Editor says, what if Lincoln's advisers had convinced him to stand strong against the British Empire in November, 1861?
On November 8, 1861, the USS San Jacinto intercepted and boarded the British packet Trent in international waters. On board were two Confederate diplomats, James Mason and John Slidell. The two were on their way to Europe in an attempt to gain diplomatic recognition for the Confederate States of America. Confederate President Jefferson Davis and his advisers believed that official recognition by Great Britain and France would lend credibility to their cause and possibly lead to direct military aid.
The boarding of the Trent created an uproar in England. The Union public immediately took an aggressive stance, but President Abraham Lincoln knew that he could not both hold his nation together and give battle to the most powerful military in the world. Within a few weeks, Mason and Slidell were released and Lincoln disavowed the actions of the USS San Jacinto's captain. None of the great European powers ever officially recognized the Confederacy and by the fall of 1863, the outcome of the American Civil War was all but assured.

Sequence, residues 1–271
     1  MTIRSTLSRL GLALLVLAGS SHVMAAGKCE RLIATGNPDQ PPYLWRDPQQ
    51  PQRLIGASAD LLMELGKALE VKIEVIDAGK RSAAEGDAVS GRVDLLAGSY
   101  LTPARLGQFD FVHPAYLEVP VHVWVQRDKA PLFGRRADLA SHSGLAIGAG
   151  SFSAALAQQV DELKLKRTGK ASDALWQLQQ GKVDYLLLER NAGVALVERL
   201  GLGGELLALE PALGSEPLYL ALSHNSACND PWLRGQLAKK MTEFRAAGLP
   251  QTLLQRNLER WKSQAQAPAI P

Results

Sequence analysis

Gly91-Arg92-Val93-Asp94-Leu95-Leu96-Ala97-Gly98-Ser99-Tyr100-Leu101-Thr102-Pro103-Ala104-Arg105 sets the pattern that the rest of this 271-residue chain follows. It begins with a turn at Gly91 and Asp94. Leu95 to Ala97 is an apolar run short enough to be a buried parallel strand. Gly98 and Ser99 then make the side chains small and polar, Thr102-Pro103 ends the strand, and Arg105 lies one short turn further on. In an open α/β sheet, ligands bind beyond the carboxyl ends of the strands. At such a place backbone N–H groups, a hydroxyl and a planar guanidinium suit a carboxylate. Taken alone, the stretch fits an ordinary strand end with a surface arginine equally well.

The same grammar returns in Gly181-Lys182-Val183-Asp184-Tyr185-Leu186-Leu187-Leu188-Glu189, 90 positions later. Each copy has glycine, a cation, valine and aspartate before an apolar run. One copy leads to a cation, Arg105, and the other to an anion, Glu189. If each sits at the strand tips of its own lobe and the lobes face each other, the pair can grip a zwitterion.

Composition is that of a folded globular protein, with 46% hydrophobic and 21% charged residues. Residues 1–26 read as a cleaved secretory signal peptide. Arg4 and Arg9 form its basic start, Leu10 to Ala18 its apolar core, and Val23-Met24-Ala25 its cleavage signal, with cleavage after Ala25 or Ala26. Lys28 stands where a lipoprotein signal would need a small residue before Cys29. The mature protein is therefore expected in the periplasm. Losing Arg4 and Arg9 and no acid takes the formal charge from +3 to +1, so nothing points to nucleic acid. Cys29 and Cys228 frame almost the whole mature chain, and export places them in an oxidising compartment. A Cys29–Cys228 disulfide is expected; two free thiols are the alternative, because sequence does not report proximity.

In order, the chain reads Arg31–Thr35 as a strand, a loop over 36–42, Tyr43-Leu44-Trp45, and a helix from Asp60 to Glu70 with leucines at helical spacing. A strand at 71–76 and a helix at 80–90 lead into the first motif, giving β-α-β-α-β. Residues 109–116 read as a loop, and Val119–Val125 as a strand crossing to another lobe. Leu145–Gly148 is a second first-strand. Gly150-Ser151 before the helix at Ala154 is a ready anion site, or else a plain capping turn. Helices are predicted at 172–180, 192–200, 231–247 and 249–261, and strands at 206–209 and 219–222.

Matt Dattilo the Editor of Matt's Today in History wonders what if Lincoln's advisers had convinced him to stand strong against the British Empire.. Please note that the opinions expressed in this post do not necessarily reflect the views of the author(s). This article is part of the Matt Dattilo Blog thread.
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